According to statistics from the Beijing Civil Affairs Bureau, 39,075 Chinese couples got a divorce in the first three quarters of the year, surpassing the 38,197 couples that divorced during all of 2012.
Executive vice president of the Beijing Marriage and Family Construction Association, Li Ziwei, believes that the unusual rise in divorce cases had to do with the "Five regulations of the domestic real estate market" published in February, which was originally devised as a means to cool down the country's over-heated property market.
The major point from the "Five regulations", which may have sparked the sudden increase in divorces, was that married couples with more than one property, would have to pay a capital gains tax of 20 percent if sold their second property.
Singles selling their sole property are exempt from paying the tax, if they have owned a property for five years or more. So a couple that divorces and registers their properties singly stands to save a lot of money for the family.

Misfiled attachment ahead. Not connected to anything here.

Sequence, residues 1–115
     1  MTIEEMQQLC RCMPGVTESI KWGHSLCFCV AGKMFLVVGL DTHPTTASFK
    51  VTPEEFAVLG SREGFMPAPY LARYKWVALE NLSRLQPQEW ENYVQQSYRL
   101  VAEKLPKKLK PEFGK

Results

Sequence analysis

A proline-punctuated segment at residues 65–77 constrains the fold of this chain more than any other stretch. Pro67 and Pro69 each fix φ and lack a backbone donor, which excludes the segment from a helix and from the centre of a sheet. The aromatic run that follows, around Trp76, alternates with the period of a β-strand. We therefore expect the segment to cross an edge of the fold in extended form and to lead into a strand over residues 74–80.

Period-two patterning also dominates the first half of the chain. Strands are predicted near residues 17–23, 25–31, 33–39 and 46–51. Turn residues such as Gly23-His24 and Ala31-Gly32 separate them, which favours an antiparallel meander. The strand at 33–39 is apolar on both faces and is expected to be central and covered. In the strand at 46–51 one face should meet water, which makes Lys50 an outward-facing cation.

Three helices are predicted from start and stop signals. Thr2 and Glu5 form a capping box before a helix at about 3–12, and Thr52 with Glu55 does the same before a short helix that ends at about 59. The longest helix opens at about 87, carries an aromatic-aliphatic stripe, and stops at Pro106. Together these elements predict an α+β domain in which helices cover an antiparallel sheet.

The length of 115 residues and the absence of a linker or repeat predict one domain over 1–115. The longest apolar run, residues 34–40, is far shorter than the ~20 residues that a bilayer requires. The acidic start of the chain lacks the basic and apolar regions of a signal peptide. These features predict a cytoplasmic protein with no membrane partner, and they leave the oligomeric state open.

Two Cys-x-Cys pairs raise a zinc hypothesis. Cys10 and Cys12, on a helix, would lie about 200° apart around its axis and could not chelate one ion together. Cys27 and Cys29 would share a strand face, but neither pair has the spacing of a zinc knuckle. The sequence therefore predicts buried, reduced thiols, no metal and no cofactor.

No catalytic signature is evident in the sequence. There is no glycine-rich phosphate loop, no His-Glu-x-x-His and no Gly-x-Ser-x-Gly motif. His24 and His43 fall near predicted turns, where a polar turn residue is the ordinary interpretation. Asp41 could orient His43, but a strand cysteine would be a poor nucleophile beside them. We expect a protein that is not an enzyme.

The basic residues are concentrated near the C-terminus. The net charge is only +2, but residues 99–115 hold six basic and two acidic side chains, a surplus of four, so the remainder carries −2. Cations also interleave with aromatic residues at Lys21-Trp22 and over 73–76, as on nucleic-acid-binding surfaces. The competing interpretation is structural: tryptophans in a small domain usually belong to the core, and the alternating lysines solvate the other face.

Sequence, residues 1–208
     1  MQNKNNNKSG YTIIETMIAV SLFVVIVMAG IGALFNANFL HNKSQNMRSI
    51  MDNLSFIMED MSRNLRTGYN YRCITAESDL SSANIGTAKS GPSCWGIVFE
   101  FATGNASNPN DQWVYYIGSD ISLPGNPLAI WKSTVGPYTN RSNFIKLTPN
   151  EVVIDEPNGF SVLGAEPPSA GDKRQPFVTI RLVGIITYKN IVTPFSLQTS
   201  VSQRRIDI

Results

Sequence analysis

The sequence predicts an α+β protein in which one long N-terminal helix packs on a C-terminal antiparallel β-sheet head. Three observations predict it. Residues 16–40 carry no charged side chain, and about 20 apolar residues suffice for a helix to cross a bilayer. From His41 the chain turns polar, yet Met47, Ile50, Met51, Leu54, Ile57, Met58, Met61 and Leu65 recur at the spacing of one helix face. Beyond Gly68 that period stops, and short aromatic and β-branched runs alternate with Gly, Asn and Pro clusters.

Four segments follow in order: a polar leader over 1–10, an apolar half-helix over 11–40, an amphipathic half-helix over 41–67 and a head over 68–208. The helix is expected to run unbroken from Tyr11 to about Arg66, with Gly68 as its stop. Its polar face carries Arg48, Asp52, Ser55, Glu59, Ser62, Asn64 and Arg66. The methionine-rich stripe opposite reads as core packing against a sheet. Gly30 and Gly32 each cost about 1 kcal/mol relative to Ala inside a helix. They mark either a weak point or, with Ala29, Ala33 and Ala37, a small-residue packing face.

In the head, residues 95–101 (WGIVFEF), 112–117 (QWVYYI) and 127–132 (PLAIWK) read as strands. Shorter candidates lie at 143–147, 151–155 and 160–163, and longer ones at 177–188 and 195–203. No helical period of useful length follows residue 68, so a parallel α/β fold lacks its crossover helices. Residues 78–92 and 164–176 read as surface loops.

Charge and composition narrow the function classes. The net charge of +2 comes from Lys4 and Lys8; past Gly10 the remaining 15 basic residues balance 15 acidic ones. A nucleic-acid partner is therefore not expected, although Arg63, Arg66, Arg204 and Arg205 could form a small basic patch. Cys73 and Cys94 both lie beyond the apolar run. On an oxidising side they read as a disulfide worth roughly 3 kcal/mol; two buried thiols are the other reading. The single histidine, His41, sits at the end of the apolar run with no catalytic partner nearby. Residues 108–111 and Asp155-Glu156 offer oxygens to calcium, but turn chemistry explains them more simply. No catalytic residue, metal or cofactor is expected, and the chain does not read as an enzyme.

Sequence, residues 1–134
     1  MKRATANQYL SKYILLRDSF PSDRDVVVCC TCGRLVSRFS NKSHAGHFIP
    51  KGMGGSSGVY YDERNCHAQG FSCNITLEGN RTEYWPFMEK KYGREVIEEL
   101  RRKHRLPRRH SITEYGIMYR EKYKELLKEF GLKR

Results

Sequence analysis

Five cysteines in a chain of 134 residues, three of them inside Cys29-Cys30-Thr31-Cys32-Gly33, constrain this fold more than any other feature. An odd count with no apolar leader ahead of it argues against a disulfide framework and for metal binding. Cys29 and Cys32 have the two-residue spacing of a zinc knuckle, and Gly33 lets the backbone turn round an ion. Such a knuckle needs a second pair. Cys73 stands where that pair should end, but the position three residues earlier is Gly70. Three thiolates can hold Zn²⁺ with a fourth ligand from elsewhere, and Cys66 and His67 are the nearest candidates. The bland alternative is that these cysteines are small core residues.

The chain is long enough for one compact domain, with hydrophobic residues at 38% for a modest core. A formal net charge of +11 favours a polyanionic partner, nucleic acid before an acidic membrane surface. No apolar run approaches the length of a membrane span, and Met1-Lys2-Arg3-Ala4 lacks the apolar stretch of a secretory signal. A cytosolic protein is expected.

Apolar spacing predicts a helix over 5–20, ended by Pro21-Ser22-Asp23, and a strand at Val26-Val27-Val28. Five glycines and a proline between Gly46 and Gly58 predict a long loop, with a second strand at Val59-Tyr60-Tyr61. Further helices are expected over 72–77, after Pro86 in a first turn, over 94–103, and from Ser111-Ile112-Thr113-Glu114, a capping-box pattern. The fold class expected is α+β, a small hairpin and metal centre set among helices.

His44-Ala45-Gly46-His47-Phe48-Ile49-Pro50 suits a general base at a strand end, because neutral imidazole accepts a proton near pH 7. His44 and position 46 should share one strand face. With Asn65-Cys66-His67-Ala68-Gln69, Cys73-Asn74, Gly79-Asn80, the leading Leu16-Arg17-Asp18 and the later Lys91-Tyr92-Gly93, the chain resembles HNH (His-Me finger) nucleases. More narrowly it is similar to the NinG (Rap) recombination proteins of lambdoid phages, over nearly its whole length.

The China Daily cites Mr. Mao and his wife as an example. The couple owned two homes in Beijing and wanted to sell one off - worth close to 1,700,000 yuan ($280,000).
To avoid the tax of nearly 300,000 yuan, Mr. Mao and his wife registered each house under their individual names and had a divorce.
"We can save 300,000 yuan in this way. It is not a small number for us. I have to work many years to earn 300,000 yuan," Mao said.
Li Ziwei noted that "this phenomenon" was not restricted to just Beijing.
"Couples in other first-tier cities, where (property) prices have rocketed in recent years, also use this method to avoid taxes. They can save tens of thousands of dollars".
In Shanghai for instance more than 44,000 couples divorced from January to September this year, according to AFP, an increase of nearly 40 percent.
"The national regulation clearly harms the stability of families. However, family harmony is the foundation of social stability. The regulation should be revised or changed if it makes families unstable," said Tang Can, a researcher from the Chinese Academy of Social Science's women's research centre.
Jiang Yongping, an expert from the Women's Studies Institute of China, warned that some "fake" divorces could lead to "real" problems.
"Some husbands may use this as an excuse to get a divorce from his wife and marry another woman," Jiang said.